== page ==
Cool Data Visualizations

by Christopher Paul on February 21, 2010

From Google Buzz, founder & CEO of Seesmic, Loic Le Meur, shared a recent Harvard Business Review article discussing the visualization of Twitter’s stream. Its a fascinating read just for the inferences one can get from the data. The article uses different trend analysis projects like Twitter Spectrum, TwitterVenn, and StreamGraphs to highlight comparisons between different search terms.

The author, Scott Berinato, has more visualizations than the one I’ve pasted below but you can see how a Venn Diagram of Twitter’s data could be useful for marketers and modern sociologists. In this image, Berinato compares the search terms “Apple,” “Google,” and “Microsoft” to one another to see how frequently they were tweeted.

As you can see, Apple was mentioned more often that their competitors. But as the author notes, Google was hardly mentioned at all. What this suggests needs further research but it might imply that Google is not as hip or popular as almost everyone else would have you believe. Still, its cool just seeing such data represented in some more manageable way.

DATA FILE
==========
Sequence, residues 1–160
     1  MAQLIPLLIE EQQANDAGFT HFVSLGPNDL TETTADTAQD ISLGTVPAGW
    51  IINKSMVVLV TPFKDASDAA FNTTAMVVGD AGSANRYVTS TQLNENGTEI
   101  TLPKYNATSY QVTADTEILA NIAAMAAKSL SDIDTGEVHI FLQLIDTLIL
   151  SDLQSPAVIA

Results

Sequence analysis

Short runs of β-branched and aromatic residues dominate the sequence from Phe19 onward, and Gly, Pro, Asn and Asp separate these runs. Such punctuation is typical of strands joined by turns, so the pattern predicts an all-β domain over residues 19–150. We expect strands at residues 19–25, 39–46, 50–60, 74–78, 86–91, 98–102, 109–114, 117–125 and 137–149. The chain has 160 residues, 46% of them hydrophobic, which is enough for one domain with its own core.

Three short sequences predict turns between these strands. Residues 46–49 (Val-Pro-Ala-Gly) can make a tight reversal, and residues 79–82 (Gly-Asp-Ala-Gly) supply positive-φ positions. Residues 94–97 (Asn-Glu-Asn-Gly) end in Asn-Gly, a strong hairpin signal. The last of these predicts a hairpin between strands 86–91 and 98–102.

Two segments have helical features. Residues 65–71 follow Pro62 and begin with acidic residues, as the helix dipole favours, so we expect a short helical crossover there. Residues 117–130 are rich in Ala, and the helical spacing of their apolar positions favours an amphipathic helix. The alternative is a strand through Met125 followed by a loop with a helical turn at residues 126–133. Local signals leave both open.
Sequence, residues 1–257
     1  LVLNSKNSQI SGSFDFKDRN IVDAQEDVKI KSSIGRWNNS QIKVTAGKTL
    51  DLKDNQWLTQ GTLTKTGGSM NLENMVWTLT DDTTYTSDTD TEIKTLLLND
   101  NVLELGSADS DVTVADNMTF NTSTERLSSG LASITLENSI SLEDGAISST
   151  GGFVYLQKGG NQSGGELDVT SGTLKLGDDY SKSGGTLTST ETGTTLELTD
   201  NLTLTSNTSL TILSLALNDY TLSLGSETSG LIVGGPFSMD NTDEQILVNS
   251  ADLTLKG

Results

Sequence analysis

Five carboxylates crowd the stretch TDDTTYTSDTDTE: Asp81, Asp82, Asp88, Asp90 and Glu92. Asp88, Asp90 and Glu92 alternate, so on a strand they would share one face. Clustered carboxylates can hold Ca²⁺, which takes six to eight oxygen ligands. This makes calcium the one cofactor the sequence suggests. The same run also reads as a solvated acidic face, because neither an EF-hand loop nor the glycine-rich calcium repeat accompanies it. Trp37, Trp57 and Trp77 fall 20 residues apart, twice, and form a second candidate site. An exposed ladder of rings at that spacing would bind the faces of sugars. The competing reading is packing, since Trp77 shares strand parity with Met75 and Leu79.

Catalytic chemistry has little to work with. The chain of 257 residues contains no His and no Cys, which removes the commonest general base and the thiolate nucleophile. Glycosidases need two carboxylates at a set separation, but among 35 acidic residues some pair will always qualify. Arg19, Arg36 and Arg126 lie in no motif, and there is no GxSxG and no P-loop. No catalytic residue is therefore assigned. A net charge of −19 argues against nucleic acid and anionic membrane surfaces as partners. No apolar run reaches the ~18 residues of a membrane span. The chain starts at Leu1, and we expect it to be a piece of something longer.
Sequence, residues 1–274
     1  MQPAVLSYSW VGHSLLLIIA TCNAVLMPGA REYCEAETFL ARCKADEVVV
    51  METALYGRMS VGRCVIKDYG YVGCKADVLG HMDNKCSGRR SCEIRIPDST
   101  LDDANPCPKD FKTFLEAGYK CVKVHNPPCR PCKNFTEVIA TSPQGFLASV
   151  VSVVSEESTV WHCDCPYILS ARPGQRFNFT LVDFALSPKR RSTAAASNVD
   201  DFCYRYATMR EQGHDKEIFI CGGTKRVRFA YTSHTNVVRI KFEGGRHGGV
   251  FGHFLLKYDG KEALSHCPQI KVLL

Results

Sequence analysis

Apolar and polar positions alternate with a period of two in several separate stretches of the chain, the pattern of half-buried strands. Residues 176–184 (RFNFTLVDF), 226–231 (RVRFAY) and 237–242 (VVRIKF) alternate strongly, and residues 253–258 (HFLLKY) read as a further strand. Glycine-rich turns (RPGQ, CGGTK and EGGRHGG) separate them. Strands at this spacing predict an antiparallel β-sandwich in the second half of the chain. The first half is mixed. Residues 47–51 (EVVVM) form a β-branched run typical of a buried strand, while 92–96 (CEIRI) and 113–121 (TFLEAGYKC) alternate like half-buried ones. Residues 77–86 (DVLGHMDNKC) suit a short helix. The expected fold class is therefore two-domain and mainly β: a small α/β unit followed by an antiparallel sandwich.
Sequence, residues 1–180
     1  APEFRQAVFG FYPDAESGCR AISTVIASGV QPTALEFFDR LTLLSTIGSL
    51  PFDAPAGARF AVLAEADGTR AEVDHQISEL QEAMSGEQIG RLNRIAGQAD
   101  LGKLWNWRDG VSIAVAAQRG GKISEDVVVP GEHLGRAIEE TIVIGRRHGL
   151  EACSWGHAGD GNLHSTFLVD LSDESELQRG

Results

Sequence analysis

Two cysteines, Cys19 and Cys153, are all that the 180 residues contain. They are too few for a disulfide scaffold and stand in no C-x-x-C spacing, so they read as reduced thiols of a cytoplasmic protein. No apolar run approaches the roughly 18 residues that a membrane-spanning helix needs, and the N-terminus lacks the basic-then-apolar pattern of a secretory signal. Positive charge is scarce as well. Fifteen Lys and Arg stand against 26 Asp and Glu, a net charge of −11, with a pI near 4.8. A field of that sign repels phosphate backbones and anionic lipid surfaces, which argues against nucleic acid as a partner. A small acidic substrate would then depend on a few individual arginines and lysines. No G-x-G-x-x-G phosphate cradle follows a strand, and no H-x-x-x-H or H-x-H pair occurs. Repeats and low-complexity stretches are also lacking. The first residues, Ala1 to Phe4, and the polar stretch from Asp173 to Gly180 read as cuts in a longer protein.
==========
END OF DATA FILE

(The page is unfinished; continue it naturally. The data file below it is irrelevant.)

Jeff Clark, who runs the site Neoformix, has all types of visualizations including the frequency of words used in the latest State of the Union Address and links to other visualizations like the Daytime vs Nighttime Population of Manhattan.

If you’re into marketing, sociology, statistics, or just freaky facts, I’d recommend visiting Clark’s site pretty often. While he doesn’t seem to have an RSS feed, I’ve “subscribed” to is using Google Reader’s new “follow changes” feature. If he adds any more cool visualizations, I’ll post them here.

Neoformix [via Four Ways of Looking at Twitter – Research – Harvard Business Review]

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